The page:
Poetry Out Loud: County’s best to face off


Seventeen-year-old Marissa Ribeiro has spent so much time studying, memorizing and reciting Maya Angelou’s poem “Phenomenal Woman” that it’s starting to affect her reputation.

“A lot of people around school and in my family know me as the ‘Phenomenal Woman’ speaker,’ ” the Nipomo High School senior said with a laugh.

Ribeiro will perform “Phenomenal Woman” tonight at the county’s annual Poetry Out Loud competition, competing against students from six San Luis Obispo County high schools.

A nationwide program that teaches teenagers poise, public speaking and literary appreciation, Poetry Out Loud encourages high schoolers to memorize and perform works by the likes of Matthew Arnold and Langston Hughes.

“Poetry can be a difficult thing for students to latch onto,” said Barbara Radovich, Arts in Education coordinator for ARTS Obispo, the San Luis Obispo County Arts Council. “When (students) put this much effort into a poem, it becomes their friend. They really become attached to it. That’s enriching in a huge way.”

Created by the National Endowment for the Arts and the Poetry Foundation in 2005, Poetry Out Loud combines centuries of oral and written tradition with the energy of slam poetry.

Last year, more than 300,000 high school students from more than 1,500 schools participated at the classroom, school, district, county and state levels — culminating in the national finals in Washington, D.C.

San Luis Obispo County joined Poetry Out Loud four years ago, said Radovich, an Atascadero High School art teacher. The 2009 competition involved 1,600 students in seven local high schools.

According to Radovich, winners receive more than bragging rights — as much as $50,000 in scholarships and school stipends are offered at the national level.

Although there are no cash prizes at the county level, she said, the winner receives an all-expenses-paid trip to the state finals in Sacramento.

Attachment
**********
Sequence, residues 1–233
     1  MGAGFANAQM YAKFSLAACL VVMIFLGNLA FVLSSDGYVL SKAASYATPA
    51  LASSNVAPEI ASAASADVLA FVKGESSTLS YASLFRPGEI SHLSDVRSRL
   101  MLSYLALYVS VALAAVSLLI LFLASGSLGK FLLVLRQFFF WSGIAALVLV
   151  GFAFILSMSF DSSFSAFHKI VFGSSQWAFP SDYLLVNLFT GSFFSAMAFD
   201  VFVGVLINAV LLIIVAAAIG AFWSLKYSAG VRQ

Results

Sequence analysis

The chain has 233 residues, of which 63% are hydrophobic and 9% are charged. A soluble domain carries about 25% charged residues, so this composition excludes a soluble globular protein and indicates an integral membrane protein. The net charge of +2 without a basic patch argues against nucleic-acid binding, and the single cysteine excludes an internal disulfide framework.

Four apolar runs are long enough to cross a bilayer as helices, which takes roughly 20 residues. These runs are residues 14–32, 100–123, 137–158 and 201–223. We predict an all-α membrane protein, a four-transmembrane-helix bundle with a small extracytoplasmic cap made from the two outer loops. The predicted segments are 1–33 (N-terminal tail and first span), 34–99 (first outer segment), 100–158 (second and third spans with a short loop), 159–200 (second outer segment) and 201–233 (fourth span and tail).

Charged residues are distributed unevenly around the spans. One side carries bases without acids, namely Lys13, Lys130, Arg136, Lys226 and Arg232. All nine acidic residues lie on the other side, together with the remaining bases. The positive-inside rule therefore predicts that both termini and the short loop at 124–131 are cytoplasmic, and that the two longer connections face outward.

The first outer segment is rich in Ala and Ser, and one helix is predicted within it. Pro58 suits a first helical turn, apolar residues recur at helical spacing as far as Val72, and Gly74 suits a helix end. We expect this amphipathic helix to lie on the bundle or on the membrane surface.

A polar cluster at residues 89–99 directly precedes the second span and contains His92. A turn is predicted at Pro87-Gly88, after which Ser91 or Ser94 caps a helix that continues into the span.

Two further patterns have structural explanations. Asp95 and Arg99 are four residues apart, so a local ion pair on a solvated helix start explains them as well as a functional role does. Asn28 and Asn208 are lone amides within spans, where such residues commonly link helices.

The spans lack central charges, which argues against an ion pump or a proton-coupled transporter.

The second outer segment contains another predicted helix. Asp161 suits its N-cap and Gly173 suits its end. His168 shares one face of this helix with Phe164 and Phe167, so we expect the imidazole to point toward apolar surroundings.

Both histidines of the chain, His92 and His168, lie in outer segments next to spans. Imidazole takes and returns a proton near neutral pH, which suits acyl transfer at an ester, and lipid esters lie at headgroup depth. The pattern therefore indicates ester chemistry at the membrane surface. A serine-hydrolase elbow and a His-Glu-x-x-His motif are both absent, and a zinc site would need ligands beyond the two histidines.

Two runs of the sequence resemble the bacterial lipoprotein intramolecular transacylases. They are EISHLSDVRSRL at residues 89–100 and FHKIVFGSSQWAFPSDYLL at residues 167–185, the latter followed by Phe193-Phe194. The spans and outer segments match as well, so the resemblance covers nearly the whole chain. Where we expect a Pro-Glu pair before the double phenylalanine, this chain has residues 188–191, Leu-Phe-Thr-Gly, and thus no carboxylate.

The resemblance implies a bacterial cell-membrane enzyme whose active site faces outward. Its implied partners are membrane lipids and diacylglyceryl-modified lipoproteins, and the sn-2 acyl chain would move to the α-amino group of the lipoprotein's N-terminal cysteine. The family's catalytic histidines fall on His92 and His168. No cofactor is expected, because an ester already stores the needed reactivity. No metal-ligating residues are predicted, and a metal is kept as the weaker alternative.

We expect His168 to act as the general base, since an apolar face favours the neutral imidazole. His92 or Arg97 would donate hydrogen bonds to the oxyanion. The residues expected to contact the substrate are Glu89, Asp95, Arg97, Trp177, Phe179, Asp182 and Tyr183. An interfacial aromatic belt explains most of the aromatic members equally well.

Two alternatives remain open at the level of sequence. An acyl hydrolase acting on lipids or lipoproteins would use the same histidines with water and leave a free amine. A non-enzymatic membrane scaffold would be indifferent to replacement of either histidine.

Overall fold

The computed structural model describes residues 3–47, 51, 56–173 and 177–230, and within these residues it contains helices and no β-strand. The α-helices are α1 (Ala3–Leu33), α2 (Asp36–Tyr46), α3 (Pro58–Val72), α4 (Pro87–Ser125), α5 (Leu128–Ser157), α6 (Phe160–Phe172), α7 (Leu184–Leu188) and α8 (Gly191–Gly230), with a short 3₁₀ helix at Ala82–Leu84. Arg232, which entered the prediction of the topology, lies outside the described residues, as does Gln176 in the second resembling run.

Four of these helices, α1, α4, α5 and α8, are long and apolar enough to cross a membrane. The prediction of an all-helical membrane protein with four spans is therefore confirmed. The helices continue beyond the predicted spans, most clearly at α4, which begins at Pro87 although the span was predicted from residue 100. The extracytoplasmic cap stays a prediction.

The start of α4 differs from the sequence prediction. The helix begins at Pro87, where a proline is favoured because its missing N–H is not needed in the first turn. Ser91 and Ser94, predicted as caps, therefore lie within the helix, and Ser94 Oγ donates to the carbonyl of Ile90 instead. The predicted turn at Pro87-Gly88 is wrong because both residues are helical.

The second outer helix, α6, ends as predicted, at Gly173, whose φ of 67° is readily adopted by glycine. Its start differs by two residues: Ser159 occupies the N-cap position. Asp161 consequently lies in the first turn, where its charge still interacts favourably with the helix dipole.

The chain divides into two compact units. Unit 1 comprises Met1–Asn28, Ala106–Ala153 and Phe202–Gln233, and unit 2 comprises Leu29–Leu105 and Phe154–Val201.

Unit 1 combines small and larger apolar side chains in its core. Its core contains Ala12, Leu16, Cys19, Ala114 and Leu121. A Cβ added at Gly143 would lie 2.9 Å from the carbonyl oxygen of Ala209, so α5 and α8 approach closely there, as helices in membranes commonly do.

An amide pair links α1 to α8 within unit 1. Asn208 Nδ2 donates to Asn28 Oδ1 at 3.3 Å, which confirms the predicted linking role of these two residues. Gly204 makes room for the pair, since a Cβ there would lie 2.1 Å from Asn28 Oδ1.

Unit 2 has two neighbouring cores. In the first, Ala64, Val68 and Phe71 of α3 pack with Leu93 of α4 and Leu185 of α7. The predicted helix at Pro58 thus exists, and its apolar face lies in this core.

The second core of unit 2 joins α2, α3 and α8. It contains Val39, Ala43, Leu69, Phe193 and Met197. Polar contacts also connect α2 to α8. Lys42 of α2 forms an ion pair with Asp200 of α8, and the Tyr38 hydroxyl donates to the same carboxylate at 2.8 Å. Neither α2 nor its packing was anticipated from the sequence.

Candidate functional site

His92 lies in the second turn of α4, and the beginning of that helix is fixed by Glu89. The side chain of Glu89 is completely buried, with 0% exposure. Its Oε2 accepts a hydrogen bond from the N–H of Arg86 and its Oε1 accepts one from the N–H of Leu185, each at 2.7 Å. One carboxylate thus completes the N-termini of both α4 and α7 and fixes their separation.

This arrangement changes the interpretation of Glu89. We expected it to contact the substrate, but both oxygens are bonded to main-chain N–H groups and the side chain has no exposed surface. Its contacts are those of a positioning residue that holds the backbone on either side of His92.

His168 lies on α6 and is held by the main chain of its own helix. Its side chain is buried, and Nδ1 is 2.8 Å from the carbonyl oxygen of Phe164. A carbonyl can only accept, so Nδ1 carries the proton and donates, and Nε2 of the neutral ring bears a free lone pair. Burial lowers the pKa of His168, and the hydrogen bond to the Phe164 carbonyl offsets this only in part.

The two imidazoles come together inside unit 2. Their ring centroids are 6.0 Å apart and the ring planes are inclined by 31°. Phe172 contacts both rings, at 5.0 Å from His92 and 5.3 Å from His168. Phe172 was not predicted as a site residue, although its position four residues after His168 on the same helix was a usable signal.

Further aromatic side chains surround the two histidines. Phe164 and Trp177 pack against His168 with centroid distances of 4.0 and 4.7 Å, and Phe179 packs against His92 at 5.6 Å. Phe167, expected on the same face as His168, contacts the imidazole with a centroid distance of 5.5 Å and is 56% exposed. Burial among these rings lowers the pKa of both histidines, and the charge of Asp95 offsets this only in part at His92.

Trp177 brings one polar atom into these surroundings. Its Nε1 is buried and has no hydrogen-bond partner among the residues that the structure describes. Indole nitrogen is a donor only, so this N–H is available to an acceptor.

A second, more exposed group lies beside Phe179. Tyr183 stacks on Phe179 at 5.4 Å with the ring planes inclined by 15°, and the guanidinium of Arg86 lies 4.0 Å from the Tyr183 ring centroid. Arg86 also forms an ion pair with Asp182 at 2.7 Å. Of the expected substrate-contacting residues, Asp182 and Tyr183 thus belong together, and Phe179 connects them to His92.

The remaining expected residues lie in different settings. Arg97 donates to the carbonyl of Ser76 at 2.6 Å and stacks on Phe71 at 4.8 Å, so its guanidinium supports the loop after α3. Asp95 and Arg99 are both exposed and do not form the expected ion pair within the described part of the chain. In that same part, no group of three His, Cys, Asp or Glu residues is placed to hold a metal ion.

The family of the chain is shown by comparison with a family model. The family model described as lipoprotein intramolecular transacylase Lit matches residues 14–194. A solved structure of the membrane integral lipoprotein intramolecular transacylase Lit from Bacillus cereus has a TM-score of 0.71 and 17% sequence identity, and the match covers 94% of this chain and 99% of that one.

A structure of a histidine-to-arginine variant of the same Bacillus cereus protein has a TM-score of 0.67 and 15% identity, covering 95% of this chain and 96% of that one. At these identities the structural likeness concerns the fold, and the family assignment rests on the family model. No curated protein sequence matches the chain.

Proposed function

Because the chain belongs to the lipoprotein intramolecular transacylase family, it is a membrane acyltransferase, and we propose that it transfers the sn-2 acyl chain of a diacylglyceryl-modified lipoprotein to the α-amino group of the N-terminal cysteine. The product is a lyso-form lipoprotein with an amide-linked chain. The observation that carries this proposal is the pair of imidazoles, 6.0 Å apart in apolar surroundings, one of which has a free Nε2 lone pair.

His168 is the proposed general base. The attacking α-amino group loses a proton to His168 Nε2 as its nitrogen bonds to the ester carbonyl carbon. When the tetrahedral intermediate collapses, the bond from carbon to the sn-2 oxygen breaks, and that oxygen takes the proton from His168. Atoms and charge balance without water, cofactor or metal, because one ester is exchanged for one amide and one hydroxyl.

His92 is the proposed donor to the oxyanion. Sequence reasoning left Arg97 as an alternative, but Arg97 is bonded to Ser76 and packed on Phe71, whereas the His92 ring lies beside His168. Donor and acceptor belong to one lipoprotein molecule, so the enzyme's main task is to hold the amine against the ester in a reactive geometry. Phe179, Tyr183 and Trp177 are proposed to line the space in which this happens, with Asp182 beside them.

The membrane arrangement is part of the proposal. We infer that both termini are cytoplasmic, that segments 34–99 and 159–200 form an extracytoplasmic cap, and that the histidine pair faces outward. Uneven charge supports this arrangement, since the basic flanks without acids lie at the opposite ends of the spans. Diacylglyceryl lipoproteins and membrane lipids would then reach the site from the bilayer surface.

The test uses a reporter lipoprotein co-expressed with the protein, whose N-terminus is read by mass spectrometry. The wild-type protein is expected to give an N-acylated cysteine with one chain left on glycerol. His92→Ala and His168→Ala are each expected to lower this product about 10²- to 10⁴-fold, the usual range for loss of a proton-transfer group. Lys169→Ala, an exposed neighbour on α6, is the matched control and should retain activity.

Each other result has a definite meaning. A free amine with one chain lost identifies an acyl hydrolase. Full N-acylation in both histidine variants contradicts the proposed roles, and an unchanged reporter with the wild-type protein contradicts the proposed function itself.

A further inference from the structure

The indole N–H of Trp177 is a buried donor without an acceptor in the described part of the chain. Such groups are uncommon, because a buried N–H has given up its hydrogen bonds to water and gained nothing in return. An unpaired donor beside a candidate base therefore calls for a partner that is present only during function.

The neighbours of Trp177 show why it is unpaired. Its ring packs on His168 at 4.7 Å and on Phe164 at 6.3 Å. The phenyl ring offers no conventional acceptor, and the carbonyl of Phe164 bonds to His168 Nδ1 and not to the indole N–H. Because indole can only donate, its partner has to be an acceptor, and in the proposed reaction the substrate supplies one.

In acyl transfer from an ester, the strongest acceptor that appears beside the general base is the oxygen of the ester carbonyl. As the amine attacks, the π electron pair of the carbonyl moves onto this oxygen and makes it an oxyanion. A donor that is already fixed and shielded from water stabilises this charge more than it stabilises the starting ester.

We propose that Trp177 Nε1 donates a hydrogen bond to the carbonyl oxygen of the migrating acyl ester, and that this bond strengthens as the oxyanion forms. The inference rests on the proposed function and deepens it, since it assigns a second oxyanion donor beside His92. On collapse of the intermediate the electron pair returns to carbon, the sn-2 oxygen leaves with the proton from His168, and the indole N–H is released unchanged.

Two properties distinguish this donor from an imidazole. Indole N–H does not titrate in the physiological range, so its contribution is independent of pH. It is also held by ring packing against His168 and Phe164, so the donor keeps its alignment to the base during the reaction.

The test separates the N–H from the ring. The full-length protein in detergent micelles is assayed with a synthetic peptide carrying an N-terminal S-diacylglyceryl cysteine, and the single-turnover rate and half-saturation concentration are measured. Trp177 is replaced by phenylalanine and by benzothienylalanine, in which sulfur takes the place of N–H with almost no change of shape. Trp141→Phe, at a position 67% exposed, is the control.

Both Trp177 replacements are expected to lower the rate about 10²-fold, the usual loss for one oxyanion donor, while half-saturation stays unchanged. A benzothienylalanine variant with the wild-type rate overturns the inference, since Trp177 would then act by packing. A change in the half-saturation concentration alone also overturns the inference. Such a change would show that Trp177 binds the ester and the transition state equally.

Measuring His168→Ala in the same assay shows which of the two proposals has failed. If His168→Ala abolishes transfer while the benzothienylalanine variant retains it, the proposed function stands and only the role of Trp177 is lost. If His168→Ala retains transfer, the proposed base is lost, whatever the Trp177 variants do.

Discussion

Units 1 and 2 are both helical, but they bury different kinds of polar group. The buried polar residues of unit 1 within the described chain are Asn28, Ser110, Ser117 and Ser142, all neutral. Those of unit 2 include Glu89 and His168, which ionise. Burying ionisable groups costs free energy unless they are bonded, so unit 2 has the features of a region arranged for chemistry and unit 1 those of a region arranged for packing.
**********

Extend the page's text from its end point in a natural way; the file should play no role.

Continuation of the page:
That proved motivation enough for Sean Peters, who placed third in the California state finals in March 2009.

Before Poetry Out Loud, Peters — then a senior at San Luis Obispo High — didn’t consider himself a “poetry person,” he said.

“To be honest, I really didn’t follow it,” Peters said. “If we read in class, I enjoyed it, but I wasn’t going out of my way to look at it.”

Then English teacher Mike Godsey introduced his class to Poetry Out Loud.

“I thought, ‘Well, if I’m going to do this, I’m going to do a good job,’ so I picked poems I liked,” Peters said, such as “Switchblade” by Michael Ryan and “Confessions” by Robert Browning.

He said his theater background helped him perform well under pressure.

“It was just a solid reminder that if I put enough energy into (something), I excel in that area,” said Peters, now an acting student at PCPA Theaterfest in Santa Maria. “It was a nice kind of confidence booster.”

Cathy Dahl-Kunkel, who teaches communication skills and reading at Lopez Continuation High School in Arroyo Grande, agreed that Poetry Out Loud helps students build self-confidence and master public speaking.

Every winter, about 30 students sign up for the program, she said. That’s a sixth of the 180-member student body.

Dahl-Kunkel said it’s thrilling to watch students who may struggle in other subjects excel at poetry. “What I love is their willingness to read really classic poems written 100 or 200 years ago,” she said. “It’s been phenomenal.”

Hear young poets

The Poetry Out Loud competition takes place at 7 p.m. today at the San Luis Coastal Adult School, Room J2, 1500 Lizzie St., San Luis Obispo. For more on the free event, call 544-9251 or visit www.artsobispo.org.